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  Elements in nucleotide sensing and hydrolysis of the AAA+ disaggregation machine ClpB: a structure-based mechanistic dissection of a molecular motor

Zeymer, C., Barends, T., Werbeck, N. D., Schlichting, I., & Reinstein, J. (2014). Elements in nucleotide sensing and hydrolysis of the AAA+ disaggregation machine ClpB: a structure-based mechanistic dissection of a molecular motor. Acta Crystallographica. Section D: Biological Crystallography (Copenhagen), 70(2), 582-595. doi:10.1107/S1399004713030629.

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Item Permalink: http://hdl.handle.net/11858/00-001M-0000-0019-8FCB-1 Version Permalink: http://hdl.handle.net/11858/00-001M-0000-002C-1F95-E
Genre: Journal Article

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 Creators:
Zeymer, Cathleen1, Author              
Barends, Thomas1, Author              
Werbeck, Nicolas D.1, Author              
Schlichting, Ilme1, Author              
Reinstein, Jochen1, Author              
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1Department of Biomolecular Mechanisms, Max Planck Institute for Medical Research, Max Planck Society, ou_1497700              

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Free keywords: ClpB; AAA+ protein; molecular chaperones; molecular motors; transient kinetics; enzyme mechanisms; nucleotide sensing
 Abstract: ATPases of the AAA+ superfamily are large oligomeric molecular machines that remodel their substrates by converting the energy from ATP hydrolysis into mechanical force. This study focuses on the molecular chaperone ClpB, the bacterial homologue of Hsp104, which reactivates aggregated proteins under cellular stress conditions. Based on high-resolution crystal structures in different nucleotide states, mutational analysis and nucleotide-binding kinetics experiments, the ATPase cycle of the C-terminal nucleotide-binding domain (NBD2), one of the motor subunits of this AAA+ disaggregation machine, is dissected mechanistically. The results provide insights into nucleotide sensing, explaining how the conserved sensor 2 motif contributes to the discrimination between ADP and ATP binding. Furthermore, the role of a conserved active-site arginine (Arg621), which controls binding of the essential Mg2+ ion, is described. Finally, a hypothesis is presented as to how the ATPase activity is regulated by a conformational switch that involves the essential Walker A lysine. In the proposed model, an unusual side-chain conformation of this highly conserved residue stabilizes a catalytically inactive state, thereby avoiding unnecessary ATP hydrolysis.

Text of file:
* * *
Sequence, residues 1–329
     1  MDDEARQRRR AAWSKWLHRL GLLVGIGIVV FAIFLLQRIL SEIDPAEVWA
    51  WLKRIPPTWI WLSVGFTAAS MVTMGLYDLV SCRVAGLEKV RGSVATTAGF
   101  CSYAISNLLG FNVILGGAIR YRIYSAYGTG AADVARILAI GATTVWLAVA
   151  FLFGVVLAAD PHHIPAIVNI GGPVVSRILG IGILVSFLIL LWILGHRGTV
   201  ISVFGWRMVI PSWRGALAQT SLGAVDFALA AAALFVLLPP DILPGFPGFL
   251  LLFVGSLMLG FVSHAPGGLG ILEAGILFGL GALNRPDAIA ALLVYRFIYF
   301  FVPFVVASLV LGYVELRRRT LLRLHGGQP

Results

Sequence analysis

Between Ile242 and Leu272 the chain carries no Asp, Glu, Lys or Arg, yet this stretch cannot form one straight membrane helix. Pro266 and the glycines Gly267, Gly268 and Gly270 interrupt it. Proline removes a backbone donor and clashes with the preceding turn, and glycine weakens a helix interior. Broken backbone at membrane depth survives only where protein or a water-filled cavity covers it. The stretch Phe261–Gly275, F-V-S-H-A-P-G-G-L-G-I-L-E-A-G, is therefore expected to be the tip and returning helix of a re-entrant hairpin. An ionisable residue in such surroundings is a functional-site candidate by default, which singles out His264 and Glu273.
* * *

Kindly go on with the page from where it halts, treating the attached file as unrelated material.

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Language(s): eng - English
 Dates: 2013-07-172013-11-072014-01-312014-02-01
 Publication Status: Published in print
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 Rev. Type: Peer
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Title: Acta Crystallographica. Section D: Biological Crystallography (Copenhagen)
  Abbreviation : Acta Crystallogr D
Source Genre: Journal
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Pages: - Volume / Issue: 70 (2) Sequence Number: - Start / End Page: 582 - 595 Identifier: ISSN: 0907-4449
CoNE: https://pure.mpg.de/cone/journals/resource/954925562619